# Speed of radio wave is faster than speed of gamma wave, right?

• 7bear
In summary: This is because the water droplets have a higher refractive index than the air and the waves of light are scattered more than once. This is why you see a rainbow in different parts of the sky.
7bear
In other medium except vacuum, there is different speed in different EM wave, right?
i.e. speed of radio wave is faster than speed of gamma wave, right?

Pretty bare bones question.

The bare bones answer is, No.

7bear said:
In other medium except vacuum, there is different speed in different EM wave, right?
i.e. speed of radio wave is faster than speed of gamma wave, right?

In a dispersive medium, each frequency will have different speeds. This is because the index of refraction is frequency dependent, typically given as

$$n^2 = \frac{c^2k^2}{\omega^2}$$

where k is the wavenumber and $$\omega$$is the angular frequency of the light. Now since the speed of light in a medium is defined as

$$n = \frac{c}{v}$$

this means that each frequency of light travels with different speeds in the medium.

Zz.

However at some frequency range there exists also anomalous dispersion (if during the normal dispersion the refraction index is decreasing with the increase of the frequency - in the anomal case it is increasing)
So Integral's answer "No" is also applicable ;)

hemmul said:
However at some frequency range there exists also anomalous dispersion (if during the normal dispersion the refraction index is decreasing with the increase of the frequency - in the anomal case it is increasing)
So Integral's answer "No" is also applicable ;)

Oy vey.

If we are going to have to consider ALL possible exceptions to the confines of what I think the question is asking, all our answers will be 20 pages long. I can also talk about materials with negative index of refraction, 1 and 2D materials with no well-defined quasiparticles that produce nowhere near the Drude peaks expected in conventional optical conductivity, etc.. etc.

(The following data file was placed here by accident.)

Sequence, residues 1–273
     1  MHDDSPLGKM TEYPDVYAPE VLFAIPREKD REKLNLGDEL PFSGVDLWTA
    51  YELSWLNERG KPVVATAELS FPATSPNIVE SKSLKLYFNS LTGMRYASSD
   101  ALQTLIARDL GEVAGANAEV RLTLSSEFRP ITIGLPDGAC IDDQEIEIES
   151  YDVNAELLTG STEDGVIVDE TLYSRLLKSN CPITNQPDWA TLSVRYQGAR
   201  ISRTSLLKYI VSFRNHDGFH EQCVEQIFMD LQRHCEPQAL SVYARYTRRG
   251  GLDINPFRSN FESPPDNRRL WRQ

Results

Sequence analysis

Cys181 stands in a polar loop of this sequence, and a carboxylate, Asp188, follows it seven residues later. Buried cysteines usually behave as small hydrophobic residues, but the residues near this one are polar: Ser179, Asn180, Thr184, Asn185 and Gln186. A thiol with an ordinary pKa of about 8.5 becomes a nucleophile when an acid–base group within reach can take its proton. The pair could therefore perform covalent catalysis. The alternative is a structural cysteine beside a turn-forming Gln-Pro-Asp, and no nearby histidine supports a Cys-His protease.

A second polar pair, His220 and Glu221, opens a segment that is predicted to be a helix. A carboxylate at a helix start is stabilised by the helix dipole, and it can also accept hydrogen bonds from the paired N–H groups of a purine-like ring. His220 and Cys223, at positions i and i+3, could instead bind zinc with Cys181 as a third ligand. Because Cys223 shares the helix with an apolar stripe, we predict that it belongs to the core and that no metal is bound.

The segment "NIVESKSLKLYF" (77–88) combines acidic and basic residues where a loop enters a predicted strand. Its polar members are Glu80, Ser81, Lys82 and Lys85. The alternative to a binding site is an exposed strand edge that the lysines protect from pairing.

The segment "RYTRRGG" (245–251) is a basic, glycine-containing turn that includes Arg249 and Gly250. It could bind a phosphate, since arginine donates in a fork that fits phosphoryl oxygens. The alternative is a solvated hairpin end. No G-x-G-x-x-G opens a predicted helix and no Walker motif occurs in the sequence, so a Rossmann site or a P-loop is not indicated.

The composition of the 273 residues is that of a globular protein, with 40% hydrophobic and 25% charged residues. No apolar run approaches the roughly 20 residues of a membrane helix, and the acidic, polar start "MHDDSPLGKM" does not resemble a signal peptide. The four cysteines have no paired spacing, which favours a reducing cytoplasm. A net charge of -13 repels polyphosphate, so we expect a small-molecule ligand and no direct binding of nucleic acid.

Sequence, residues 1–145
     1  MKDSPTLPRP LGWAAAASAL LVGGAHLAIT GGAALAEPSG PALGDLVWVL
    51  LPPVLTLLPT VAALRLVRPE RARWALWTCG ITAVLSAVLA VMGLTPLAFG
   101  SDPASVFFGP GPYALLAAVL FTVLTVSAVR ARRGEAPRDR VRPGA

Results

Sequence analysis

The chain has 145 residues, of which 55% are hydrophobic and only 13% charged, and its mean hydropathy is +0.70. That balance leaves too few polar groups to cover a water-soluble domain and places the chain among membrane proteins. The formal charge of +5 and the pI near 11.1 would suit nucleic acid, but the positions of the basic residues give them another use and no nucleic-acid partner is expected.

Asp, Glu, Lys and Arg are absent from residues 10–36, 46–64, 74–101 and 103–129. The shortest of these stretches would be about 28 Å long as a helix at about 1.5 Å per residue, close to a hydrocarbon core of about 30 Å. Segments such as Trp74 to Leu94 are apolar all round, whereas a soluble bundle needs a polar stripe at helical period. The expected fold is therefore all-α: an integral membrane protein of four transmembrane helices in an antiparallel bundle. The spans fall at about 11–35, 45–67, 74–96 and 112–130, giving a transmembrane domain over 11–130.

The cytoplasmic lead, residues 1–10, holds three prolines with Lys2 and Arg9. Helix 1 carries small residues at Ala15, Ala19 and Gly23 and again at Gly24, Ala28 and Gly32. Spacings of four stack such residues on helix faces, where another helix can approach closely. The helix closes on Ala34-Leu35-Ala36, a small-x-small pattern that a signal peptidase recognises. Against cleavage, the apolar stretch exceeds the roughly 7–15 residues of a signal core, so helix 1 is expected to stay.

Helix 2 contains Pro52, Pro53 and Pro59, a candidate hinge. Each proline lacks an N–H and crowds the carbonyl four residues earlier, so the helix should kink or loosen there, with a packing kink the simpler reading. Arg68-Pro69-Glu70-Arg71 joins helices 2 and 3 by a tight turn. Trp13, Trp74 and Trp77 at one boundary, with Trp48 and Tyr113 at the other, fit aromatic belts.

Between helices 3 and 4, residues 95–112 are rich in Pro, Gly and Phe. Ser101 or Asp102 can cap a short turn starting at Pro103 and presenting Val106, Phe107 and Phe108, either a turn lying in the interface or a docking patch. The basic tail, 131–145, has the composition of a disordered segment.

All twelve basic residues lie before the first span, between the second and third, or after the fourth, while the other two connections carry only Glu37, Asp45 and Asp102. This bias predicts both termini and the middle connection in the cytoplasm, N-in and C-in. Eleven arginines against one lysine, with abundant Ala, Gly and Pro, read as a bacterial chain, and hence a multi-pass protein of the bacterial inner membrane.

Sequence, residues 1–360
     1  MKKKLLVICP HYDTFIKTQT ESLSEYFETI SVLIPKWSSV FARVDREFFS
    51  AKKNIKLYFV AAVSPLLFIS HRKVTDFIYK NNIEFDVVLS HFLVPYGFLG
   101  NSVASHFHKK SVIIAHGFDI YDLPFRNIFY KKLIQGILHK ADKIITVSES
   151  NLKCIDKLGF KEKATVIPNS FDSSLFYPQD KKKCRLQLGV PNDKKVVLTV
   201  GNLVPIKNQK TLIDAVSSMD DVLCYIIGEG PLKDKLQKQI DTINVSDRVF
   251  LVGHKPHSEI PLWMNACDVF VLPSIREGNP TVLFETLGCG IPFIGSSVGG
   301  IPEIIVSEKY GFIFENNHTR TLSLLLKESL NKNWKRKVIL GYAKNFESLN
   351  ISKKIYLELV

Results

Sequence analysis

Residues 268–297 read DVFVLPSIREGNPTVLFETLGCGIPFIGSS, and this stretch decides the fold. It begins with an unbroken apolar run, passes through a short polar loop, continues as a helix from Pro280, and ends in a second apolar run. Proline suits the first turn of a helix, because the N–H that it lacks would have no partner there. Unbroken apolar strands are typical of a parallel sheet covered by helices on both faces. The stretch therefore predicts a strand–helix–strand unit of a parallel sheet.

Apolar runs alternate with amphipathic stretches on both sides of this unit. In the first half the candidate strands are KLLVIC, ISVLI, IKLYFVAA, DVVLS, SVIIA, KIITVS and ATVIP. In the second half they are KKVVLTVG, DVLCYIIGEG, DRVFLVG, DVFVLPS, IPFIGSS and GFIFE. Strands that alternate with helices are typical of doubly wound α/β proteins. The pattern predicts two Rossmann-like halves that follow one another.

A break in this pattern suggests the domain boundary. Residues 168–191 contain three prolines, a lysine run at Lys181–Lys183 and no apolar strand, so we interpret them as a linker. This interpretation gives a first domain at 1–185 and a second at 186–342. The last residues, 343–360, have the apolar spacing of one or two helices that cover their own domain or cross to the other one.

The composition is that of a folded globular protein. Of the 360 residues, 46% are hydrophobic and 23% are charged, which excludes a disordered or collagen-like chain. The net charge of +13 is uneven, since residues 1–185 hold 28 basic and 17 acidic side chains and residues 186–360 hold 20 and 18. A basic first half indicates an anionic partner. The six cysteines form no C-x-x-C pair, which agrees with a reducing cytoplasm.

Zz.

ZapperZ said:
I can also talk about materials with negative index of refraction, 1 and 2D materials with no well-defined quasiparticles that produce nowhere near the Drude peaks expected in conventional optical conductivity, etc.. etc.
Zz.

Sure, but that won't produce any new answers (besides "Yes" and "No") to the original 7bear's question ;)
i just implicitly meant that there is no general "Yes" or "No" answer to the question as is.

ZapperZ said:
I can also talk about materials with negative index of refraction

[offtop]
do you mean biisotropic media?
[/offtop]

hemmul said:
Sure, but that won't produce any new answers (besides "Yes" and "No") to the original 7bear's question ;)

Yes there is: DEPENDS [and I don't mean the garment you wear for bladder control problems either!]. Depends is a superposition of "yes" and "no" answers since it can contain both simultaneously. (see, I can be a smart ass too).

And no, negative index of refraction, and left-handed materials are not all "biisotropic media".

Zz.

7bear really asked two questions. I think an accurate translation of into standard American English would be:

#1 The speed of an EM wave through a material medium is frequency dependent, right?

#2 The speed of radio waves through a material medium is less than the speed of gamma waves.

And I'm pretty sure that gamma waves pass through most materials almost as though they were a vacuum; radio waves certainly don't. So Integral's answer to #2 would be incorrect as well.

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gamma rays do not reach to the ground of our earth(thank you atmosphere and water particles) otherwise wed all be crispy critters thus it is not the gamma ray but of the atmosphere which blocks this wavelength of the electromagnetic spectrum as far as speed all electromagnetic waves move at the same speed period

Mariko,

"all electromagnetic waves move at the same speed period"